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Life of Artisans on the Ancient Silk Road

The film “Road of Hope and Heritage” opens with a shot of distant mountain range covered by clouds. The wind and light over the mountains create impressions of kurak, a Kyrgyz traditional patchwork. Kura in Kyrgyz language means to patch, or to combine separate pieces together, creating a single canvas.

The stories of craftspeople and musicians in the Cultural Heritage and Humanities Unit’s recent film directed by Aibek Bayimbetov (researcher at UCA), are also pieces of a patchwork creating a bigger picture of the trials, tribulations, and hopes of people living along the ancient Silk Road.

Over the course of centuries, the Silk Road has connected Asia and Europe through an intricate network of paths. The current interest in renewed trade between Central and Southeast Asia has created opportunities for further infrastructural developments.

The film shows the faces of representatives of mountain communities in the Alai region of Kyrgyzstan and Gilgit-Baltistan of Pakistan: craftspeople at work talking about their trade and handicraft skills inherited from their ancestors.  A woman from Alai talks about how the harsh climate and elevation do not allow her to grow agricultural products, so the small village relies on profits from mountain tourism and handcrafts. A farmer expresses concerns about the proximity of huge industrial mining projects near his village: the extraction brings dust and deteriorates mountain pastures in Kok-Suu. On a different part of the road, a local researcher talks how the ethnic Kyrgyz and Wakhi people have been sharing the same space for centuries in the Pamir mountains.

Life Of Artisans

Woman wearing a traditional Kyrgyz headdress “Kalyak” at a community-based museum in the village of Sary-Mogol, Chon-Alai region.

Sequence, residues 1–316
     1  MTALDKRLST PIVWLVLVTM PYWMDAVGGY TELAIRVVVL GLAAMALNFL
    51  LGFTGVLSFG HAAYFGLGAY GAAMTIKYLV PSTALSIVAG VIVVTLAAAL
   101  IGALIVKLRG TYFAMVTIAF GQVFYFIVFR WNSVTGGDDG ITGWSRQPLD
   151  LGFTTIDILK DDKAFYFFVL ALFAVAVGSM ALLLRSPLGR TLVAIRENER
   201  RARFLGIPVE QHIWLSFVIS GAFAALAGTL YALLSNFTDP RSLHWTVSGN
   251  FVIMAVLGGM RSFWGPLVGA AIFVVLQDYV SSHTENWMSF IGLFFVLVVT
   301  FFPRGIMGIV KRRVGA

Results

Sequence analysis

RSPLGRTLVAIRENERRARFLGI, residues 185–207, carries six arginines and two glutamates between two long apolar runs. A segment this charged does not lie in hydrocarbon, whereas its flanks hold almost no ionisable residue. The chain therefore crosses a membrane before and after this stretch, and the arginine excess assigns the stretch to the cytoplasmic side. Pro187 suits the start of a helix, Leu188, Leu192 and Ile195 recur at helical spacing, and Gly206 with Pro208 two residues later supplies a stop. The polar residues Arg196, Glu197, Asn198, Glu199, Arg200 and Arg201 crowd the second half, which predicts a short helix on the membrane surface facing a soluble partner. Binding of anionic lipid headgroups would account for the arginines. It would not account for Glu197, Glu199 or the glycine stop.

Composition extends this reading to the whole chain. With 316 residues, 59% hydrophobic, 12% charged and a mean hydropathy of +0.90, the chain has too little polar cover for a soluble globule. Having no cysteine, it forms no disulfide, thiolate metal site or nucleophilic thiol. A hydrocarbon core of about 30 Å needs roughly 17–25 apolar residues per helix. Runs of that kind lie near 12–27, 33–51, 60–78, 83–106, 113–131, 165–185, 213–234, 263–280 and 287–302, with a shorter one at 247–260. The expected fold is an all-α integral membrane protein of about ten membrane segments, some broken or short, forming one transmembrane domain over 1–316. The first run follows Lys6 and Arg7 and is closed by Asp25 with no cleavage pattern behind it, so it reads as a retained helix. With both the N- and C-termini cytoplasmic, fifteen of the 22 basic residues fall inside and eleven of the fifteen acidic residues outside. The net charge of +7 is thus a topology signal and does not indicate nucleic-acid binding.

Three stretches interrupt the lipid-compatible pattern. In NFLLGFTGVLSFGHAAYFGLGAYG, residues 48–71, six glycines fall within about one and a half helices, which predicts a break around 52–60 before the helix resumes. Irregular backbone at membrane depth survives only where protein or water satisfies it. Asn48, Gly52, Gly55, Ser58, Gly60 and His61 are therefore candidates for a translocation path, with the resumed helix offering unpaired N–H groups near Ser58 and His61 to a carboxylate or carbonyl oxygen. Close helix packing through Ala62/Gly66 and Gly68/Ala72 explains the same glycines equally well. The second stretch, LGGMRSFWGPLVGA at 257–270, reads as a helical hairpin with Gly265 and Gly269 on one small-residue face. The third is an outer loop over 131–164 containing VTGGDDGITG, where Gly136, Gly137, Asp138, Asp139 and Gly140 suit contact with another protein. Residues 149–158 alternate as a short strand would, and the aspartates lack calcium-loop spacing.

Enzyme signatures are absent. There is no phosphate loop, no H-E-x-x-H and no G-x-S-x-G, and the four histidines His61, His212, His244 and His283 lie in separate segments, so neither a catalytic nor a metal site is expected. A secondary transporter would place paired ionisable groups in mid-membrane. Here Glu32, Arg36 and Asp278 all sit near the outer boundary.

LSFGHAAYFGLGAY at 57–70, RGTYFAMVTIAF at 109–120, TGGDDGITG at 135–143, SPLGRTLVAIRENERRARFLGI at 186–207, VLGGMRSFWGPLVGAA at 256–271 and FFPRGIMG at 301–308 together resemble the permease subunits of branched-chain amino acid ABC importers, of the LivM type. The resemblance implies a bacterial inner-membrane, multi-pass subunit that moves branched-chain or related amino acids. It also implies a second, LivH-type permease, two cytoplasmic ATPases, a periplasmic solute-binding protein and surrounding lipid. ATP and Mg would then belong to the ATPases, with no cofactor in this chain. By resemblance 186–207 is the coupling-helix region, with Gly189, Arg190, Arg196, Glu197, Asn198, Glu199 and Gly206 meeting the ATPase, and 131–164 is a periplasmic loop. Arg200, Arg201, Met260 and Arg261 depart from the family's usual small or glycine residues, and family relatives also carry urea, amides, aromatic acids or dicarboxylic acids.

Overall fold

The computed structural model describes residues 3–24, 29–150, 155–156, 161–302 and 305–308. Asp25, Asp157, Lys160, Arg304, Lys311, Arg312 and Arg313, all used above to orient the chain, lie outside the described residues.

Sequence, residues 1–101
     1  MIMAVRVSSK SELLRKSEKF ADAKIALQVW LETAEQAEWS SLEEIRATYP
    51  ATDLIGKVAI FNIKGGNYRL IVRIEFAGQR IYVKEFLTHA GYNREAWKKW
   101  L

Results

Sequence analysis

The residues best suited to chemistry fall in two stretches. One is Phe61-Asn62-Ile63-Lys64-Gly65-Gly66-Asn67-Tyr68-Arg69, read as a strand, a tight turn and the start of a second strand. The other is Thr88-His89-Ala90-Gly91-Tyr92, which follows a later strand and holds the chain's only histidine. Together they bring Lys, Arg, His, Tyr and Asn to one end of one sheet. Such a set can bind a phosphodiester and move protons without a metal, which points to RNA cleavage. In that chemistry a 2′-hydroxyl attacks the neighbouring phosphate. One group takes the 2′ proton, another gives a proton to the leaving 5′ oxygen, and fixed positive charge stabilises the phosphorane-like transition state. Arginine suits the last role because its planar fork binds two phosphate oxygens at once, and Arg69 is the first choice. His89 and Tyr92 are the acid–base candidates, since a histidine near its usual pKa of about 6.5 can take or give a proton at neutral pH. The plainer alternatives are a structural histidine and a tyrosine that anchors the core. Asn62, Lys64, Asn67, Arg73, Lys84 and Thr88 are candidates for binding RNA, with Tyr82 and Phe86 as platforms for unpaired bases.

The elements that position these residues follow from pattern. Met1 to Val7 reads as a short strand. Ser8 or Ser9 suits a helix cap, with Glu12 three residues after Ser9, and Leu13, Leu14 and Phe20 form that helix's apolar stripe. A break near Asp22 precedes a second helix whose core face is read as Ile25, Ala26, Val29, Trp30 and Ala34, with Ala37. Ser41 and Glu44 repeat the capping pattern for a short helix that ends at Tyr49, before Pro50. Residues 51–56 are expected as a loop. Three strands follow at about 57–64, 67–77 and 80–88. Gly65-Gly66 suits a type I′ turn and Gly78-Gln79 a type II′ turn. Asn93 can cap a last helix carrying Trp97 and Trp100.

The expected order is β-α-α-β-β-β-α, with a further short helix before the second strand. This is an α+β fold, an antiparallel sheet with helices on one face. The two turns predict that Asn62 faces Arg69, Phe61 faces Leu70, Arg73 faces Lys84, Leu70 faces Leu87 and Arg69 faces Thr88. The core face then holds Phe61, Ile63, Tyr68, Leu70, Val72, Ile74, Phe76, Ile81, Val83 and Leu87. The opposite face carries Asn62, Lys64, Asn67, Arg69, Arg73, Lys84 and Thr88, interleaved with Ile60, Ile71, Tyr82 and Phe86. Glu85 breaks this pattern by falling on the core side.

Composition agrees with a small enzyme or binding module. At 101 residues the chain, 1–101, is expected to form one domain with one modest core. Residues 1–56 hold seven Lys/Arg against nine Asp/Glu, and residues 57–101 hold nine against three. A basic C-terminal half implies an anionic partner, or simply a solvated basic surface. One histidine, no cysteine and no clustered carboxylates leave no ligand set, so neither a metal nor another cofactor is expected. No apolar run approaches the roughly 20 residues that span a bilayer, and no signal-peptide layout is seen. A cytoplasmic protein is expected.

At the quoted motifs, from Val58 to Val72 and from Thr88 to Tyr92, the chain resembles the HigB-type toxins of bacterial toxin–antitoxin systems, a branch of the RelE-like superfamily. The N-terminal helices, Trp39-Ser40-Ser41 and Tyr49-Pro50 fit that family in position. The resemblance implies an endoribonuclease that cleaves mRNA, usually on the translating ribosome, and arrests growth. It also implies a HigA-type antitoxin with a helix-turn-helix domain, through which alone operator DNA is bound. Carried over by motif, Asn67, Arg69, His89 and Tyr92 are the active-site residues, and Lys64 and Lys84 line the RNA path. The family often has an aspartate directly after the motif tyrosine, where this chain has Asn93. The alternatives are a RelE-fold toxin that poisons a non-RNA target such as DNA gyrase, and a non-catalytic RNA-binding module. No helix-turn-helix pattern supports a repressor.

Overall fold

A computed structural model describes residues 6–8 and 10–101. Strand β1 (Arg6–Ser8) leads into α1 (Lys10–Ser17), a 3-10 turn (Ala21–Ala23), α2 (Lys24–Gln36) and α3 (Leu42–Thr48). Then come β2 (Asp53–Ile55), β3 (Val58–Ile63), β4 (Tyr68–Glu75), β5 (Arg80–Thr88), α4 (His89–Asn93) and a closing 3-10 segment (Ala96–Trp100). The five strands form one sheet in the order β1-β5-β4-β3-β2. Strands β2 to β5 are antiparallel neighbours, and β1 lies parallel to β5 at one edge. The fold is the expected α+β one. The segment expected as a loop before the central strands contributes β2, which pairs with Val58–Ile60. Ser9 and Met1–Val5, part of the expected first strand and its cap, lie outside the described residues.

Later in the movie, Cholpon Alamanova, a professional artist and Kyrgyz kurak maker, travels to Gilgit Baltistan to share her art with local craftswomen. Language and cultural differences seem to disappear when craftspeople share their work. The camera intimately captures closeups of women exchanging glances and laughter while engaging in their craft.

According to the creators of the film, this project discovered a common thread among mountain communities in Kyrgyzstan, Tajikistan, and Pakistan because of similar mountain geography and culture. At the end of the film, the director asks the participants: what does it mean to be happy? Karim-Ulo-Khan, a local researcher from the Sost village in Gilgit Baltistan, gives a simple recipe: “Happiness lies in good words, good deeds, and good wishes”.

The Road of Hope and Heritage is an ethnographic documentary produced with the support of the Resilient Silk Road Heritage Network Project funded by the UK's Global Challenges Research Fund (GCRF). The GCRF project links local organizations and academic institutions in Pakistan, Tajikistan, and Kyrgyzstan to help develop resilient local economies and sustainable mountain societies. The GCRF Network also aims to develop a stronger South-South collaboration and knowledge sharing platform for building lasting networks for communication and future development.

The film will be shown during the travelling exhibition of Central Asian artists in Bishkek, Tashkent, Dushanbe, Almaty and Peshawar in February-March 2022, and will be available later on UCA’s YouTube channel.